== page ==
“I feel very fortunate for the life that I’ve had and you want to be able to help people who are having tough times and definitely we see it because we’re living here in Michigan and we know people who are affected by it or you see it in different ways. I think in the whole country there are people that are having tough times and counting on some help and this is a way to help out and raise some money. It’s a huge thing. You see people give whatever they can, whether it’s some change or a dollar and some people put a lot of money into it. Any little bit goes a long way and it’s very generous of people to give.”
For the second straight year, Darren Helm and Justin Abdelkader were at Hockeytown Authentics in Troy, where for a $10 donation to the Red Kettle, fans could get an autograph from one of the Wings’ centers.
Despite the 20-degree temperatures, Paula Heckman and her four young sons, braved the chilly air to meet and get autographs from two of their Hockeytown Heroes.
“We thought this was a great opportunity to meet them and help The Salvation Army at the same time,” said, Heckman, who purchased an autograph for each of her sons, Ethan, 8; Keagan, 6; Preston, 3; and Finn, 16 months. “The kids love to come and see the guys and get an autograph and I love the fact that we’re helping at the same time, and I love that they’re so kind to give up their time to do it.
“I like that they come out and show themselves everywhere, that makes it’s so much nicer because they are human, you know? It’s fun to be around them because they treat you just like you’re their neighbor or on the hockey team with you, or you’re a kid in school. The come and see the kids, and they’re just super nice with my kids – all of them, everyone that I’ve ever met.”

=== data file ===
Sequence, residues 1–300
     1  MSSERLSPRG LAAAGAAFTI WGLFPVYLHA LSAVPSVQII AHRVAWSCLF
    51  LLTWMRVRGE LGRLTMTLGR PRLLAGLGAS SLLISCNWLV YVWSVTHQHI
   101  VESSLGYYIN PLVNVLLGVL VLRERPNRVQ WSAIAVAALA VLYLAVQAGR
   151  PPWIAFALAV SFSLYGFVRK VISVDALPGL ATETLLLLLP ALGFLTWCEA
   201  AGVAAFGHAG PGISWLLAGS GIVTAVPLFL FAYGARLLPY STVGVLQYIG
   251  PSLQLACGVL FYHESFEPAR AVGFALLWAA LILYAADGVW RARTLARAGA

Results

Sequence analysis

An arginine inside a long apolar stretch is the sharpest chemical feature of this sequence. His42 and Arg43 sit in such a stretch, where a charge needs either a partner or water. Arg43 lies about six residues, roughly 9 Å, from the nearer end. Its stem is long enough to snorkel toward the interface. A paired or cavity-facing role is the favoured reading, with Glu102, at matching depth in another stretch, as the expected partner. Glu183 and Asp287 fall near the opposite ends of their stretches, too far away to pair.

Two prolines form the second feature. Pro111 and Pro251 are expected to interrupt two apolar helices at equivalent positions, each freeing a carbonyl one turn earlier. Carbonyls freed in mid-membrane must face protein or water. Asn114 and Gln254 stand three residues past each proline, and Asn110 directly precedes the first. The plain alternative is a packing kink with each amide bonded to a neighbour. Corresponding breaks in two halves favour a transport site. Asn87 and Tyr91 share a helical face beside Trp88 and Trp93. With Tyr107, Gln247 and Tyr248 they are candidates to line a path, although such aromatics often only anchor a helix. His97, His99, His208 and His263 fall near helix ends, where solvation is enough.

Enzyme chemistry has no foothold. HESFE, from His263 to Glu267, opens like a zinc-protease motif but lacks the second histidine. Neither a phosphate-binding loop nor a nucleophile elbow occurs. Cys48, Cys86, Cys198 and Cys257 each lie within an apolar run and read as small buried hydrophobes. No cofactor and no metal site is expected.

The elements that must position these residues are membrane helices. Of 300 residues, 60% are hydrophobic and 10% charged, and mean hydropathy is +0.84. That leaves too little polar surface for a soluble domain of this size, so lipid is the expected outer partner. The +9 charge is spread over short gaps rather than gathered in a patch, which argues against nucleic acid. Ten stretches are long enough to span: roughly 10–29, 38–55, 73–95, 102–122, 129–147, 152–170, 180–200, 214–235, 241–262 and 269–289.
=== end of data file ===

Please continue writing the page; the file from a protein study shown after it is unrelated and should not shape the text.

Like Miller, Abdelkader too grew-up in Michigan, which, according to the U.S. Department of Labor, had the nation’s second-highest unemployment rate last month at 10.6%.
“Just the tough times that you see the state going through, all of the people who are in need of food and clothing, it’s just tough to see,” Abdelkader said. “It’s always nice to be able to give back and help out.”
|A four-pierce Salvation Army band played in front of Hockeytown Authenics as fans gathered to buy autographs from Justin Abdelkader and Darren Helm. (Photo by Bill Roose / Detroit Red Wngs)|
Helm added, “I know that there are a lot of people who are suffering and going through some hard times. I like helping out anytime that I can, especially at Christmas obviously, it’s a little more special and there’s something about Christmas and how people get into the spirit and they put aside what they have going on to help others.”
The financial goal for the Red Kettle campaign this year is $8.2 million, and with the generosity of the Wings and Holland – who for the sixth straight year is the honorary chairman for the annual initiative – The Salvation Army will hit its mark.
“Both the players and staff have embraced The Salvation Army and have remained committed to helping people in need in our community,” Holland said. “We’re proud to support The Salvation Army again this year, and celebrate its 125th year of serving the people of metro Detroit.”
Besides their benevolence, the Wings’ competitive nature was on display at all four locations Friday with bragging rights at stake with the annual bell-ringing contest to see which twosome collects the most donations.
Helm and Abdelkader entered Friday’s event as the defending champions, having raised $2,900 last year, which was $500 more than their bosses.
“You know what, they’ll all be tough groups to beat and they all have a lot of pride, and we want to defend our title,” Abdelkader said. “We’re in a good location, but obviously it’s all for a great cause.”
For fans attending the next four Wings’ home games, the famous red kettles, along with a four-piece Salvation Army brass band, will play holiday songs prior to the opening face-off located on the concourse just inside the main Gordie Howe entrance (west end) of Joe Louis Arena.
For Filppula, who grew-up in Finland, where child poverty is relatively low, volunteering for The Salvation Army is a rewarding feeling.
“It’s a cool thing to do, and obviously it doesn’t take a whole lot of time,” said Filppula, a third-year bell-ringer. “I always enjoy doing things like this especially around holidays and Christmas when you start thinking more about the important things in life, and I’m glad that I get to be a part of it.”